3.6. Case 6: The Effect of Intrinsic Attenuation

As reported in [20], ultrasound is attenuated in cement-based materials, and can be compared with the attenuation observed in geomaterials; e.g., granite. Therefore, the influence of intrinsic attenuation was also studied for the application of the presented method. It revealed that a relatively strong attenuation (minimum quality factor of Q = 33 for the used frequencies) did not have a significant influence on the predictions. The coefficient of determination R2 was changed from 99.32% to 99.59% and from 95.29 to 95.85% (see Figure 6 and Figure 12) for the predicted depth and the reduced velocity, respectively.

4. Discussion

In Section 3, the influence of crack density ρ, crack length L, noise level, sensor width, and attenuation on the predicted depth d and reduced velocity r were considered. Table 3 presents a complete list of all results (a few are not displayed in a separate figure). In general, the proposed numerical parameter study using one single station to apply coda wave interferometry can be regarded as a successful confirmation of the applied method to characterize a velocity reduction in an unknown depth. This velocity reduction may indicate damage on the microscale (i.e., microcracking in which the cracks are much smaller than the wavelength). In contrast to the classical coda wave interferometry technique (i.e., [6]), the reflected signal of a material change is analyzed instead of the transmitted signal.
The accuracy of the predicted depth and the reduced velocity could be reduced by several factors, which included: increasing crack density, increasing crack length, and most prominently, increasing noise. The influence of intrinsic attenuation and averaged traces (i.e., sensor width) could be regarded as minor. Moreover, the accuracy for the predicted depth was always very high, whereas the reduced velocity itself was predicted with a lower accuracy (but still acceptable). Of course, strong noise had a significant influence on the quality of the predictions (see, e.g., Figure 10).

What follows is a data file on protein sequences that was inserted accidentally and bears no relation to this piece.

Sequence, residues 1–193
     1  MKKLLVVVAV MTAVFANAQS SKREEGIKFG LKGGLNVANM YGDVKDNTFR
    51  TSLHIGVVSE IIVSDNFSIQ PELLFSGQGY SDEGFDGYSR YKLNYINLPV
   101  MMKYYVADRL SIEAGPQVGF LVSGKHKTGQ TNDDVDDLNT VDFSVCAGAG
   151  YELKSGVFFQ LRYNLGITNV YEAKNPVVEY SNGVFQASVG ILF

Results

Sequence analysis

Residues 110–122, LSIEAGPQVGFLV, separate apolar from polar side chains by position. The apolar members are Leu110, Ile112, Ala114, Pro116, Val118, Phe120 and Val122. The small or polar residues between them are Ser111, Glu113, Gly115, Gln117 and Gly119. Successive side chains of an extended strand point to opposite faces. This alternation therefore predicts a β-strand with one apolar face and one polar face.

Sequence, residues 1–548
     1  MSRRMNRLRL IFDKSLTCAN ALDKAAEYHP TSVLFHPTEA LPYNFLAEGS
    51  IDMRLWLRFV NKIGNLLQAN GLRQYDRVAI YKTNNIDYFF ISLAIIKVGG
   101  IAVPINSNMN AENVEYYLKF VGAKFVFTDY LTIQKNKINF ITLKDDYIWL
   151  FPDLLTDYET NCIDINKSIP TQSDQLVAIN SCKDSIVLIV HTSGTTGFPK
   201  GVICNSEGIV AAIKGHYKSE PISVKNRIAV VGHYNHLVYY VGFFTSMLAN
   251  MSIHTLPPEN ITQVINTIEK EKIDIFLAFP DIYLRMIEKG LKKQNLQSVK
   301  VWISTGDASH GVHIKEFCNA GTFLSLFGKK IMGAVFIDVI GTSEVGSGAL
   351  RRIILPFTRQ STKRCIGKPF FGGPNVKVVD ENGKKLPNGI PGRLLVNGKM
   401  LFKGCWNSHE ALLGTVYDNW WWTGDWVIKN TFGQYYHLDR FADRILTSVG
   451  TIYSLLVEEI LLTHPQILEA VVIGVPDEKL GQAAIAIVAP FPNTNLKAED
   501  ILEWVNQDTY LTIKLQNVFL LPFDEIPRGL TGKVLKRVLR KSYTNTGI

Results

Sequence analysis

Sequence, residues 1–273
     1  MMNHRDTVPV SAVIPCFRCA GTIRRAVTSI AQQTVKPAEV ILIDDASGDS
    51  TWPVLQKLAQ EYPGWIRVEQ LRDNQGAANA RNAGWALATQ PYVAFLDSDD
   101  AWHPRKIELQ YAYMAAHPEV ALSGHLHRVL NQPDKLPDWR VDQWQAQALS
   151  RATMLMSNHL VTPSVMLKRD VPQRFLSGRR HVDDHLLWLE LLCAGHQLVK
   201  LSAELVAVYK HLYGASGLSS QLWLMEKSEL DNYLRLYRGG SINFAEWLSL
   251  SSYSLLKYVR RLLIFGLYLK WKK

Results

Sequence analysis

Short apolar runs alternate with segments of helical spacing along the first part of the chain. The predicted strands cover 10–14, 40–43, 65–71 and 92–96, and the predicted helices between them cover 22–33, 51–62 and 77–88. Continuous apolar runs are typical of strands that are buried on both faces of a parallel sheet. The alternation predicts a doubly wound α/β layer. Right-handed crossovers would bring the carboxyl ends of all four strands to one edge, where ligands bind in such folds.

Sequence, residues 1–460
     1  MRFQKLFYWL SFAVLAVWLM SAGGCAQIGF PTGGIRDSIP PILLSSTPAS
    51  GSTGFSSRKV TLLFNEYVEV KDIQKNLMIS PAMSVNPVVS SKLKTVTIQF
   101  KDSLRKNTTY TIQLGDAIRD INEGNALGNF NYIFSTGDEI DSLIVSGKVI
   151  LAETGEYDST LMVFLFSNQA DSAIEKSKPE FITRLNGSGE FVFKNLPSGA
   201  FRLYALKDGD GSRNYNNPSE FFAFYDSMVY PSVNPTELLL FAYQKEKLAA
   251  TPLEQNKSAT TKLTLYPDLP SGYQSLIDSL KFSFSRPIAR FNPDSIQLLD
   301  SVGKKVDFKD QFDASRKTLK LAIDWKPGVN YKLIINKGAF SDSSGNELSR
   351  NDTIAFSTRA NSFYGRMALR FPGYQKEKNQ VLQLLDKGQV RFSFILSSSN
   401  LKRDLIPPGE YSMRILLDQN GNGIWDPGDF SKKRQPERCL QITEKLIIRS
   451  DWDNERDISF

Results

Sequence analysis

The chosen setup could be used to evaluate if a single-station CWI approach could be applied to find a damage zone in concrete. The background velocity of the cracked media and the fundamental frequency of the source wavelet were close to the values used in [6]. The crack length could be compared to several grain-size distributions and the size of air inclusions in real concrete. Therefore, in this study, it was shown that with a single station, it was possible to predict small-scale damages in a depth down to 2 m in concrete with a trained CNN.
This may be true for a more conventional investigation of the analyzed signal shown in Figure 4. An obvious thought would be to analyze the arrival time and the amplitude of the first change of the coda wave (i.e., the first nonzero amplitude of the subtracted signals from the disturbing case to the undisturbed case). For real experiments, this would be a relatively easy opportunity to estimate the depth (i.e., by picking the arrival time) and the reduced velocity (i.e., by analyzing the amplitude with the law for the reflection coefficient [21]). However, for this feasibility study, it was decided to use a CNN, as it was independent of a picking algorithm, which usually needs a significant amount of human interaction [22]. Moreover, the CNN used the full recorded trace, which contained more information that might be hidden by the complex scattering regime (the wavelength was in the same order as the scatterers; compare with Section 2).